But these Masters will not be the same in a house builder and a medical supplies manufacturer.

but who gets to design it?

So who is responsible for designing the use of the COTS Product-Master for our phantom client?  We need both the domain knowledge of the client and the COTS package knowledge of the supplier but it is always best practice to have one lead.  Are we target led or source led?

Well to my mind it must be the supplier.  They are the ones who know the target best and know how the Product-Master is related to accounts, product lifecycle management, supplier management etc. etc. within the target application.  The art of fitting the client’s business requirement to the structures on offer in the COTS Package requires knowledge of the COTS Package and the implication of design choices and this expertise is what the supplier brings to the party. 

Only the client has knowledge of the client product set that is the other half of the mix.  It is my contention that it should be the responsibility of the supplier to have the analysis skills that will reveal this knowledge in such a way that they can then perform the data design and deliver an operating platform that will enhance the activities of the client.  We need to bear in mind that most organisations do not replace the systems that support their businesses very often.  Therefore there is no reason why they should have developed the skills to analyse and articulate their business processes in a format ideally suited to a third party’s implementation requirements.  The supplier on the other hand has regular need for these items to be developed so it makes sense for them to have cultivated the skills needed to unearth these processes and the ancillary data.  They should have made these skills part of their own product set.

This is rarely contested but the level of detail in the data design often is.  It’s all very well placing the onus for data design of Product-Master on the shoulders of the supplier, but what about the detailed definition of items like the format of part numbers or the breakdown of a product set into discrete deliverables? 

There are two reasons for still saying that detailed Data Design belongs with the supplier.  Firstly, although the majority of the Data Design will stay as is – if you are a car manufacturer before the migration you will be one at the end so you will have models and versions of models and so on – there are some data items that are only present because that is the way the client has traditionally done things.  It is for the supplier, if they are to add value, to challenge these vestigial elements and substitute them for ones that will take advantage of the new system’s capabilities.  The risk otherwise is that the new system becomes a poor reproduction of the old which undermines the value proposition of making a change in the first place. 

The second reason is linked to the first.  In modern highly integrated COTS packages the setting of some values has impacts across the application.  It takes knowledgeable experts to understand the implication of something as apparently simple as the parts numbering system and its relationship to the part breakdown structure.  This means we need critically engaged target system experts to facilitate the result.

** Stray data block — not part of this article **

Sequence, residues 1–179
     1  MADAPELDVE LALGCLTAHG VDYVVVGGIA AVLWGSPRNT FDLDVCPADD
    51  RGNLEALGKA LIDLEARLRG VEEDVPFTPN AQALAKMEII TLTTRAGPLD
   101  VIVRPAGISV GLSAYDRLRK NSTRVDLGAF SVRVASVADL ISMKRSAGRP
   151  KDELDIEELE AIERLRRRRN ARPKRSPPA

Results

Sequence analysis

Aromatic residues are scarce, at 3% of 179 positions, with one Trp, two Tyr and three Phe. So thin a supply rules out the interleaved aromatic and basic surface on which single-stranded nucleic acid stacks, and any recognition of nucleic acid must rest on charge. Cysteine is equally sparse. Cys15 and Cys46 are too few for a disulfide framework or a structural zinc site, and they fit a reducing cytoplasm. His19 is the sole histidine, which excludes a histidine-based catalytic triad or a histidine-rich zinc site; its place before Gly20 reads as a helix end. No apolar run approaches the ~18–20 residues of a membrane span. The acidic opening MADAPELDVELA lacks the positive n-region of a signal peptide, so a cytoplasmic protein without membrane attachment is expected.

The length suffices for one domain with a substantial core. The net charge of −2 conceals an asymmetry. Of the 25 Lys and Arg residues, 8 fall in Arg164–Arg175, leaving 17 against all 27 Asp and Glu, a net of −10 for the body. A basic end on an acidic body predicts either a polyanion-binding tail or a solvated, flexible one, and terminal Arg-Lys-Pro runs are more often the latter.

So to optimise our investment and to avoid cock-ups it should be the COTS package experts who are driving the bus.

However all too often I find, on arrival at an in-flight project, that the subtle difference between creating a general structure for your Product-Master and taking this down to the level of detail that can actually run the business, is a point of misunderstanding between the supplier and the client.  Often then as it is the Data Migration team who best know the legacy data and the issues seems to be one to do with data the task of providing this metadata falls on them.  This is wrong.

As an aside, if the main supplier will not commit to delivering the detailed data design but s waiting for the client to produce them, and given that the client may not have the skills to produce them, then the client should look to sub-contract that element out.

Whoever is performing the data design it still remains the case that this is not a data migration task.  If you are moving house, the removal men expect to be told where the bedrooms, lounge and kitchen in you new residence are.  (OK so they may be able to make a reasonable guess as to which room is  the kitchen but you get my point).  They are not expecting to decide for you which cupboards you wish to use and certainly not to have to architect the dwelling.  This should be the same with us lifters and shifters of data.  Tell us where to stick the stuff and we will organise things so that is where it gets stuck.

If all of this has been a little dense then please allow me to recapitulate:

  • Data Migrations are always part of bigger programmes
  • There is usually an incumbent supplier or systems integrator contracted to implement the new Computer Off The Shelf package
  • Data Design and Data Migration are not the same
  • Data Design is the alignment of the client metadata with the data structures available on the target system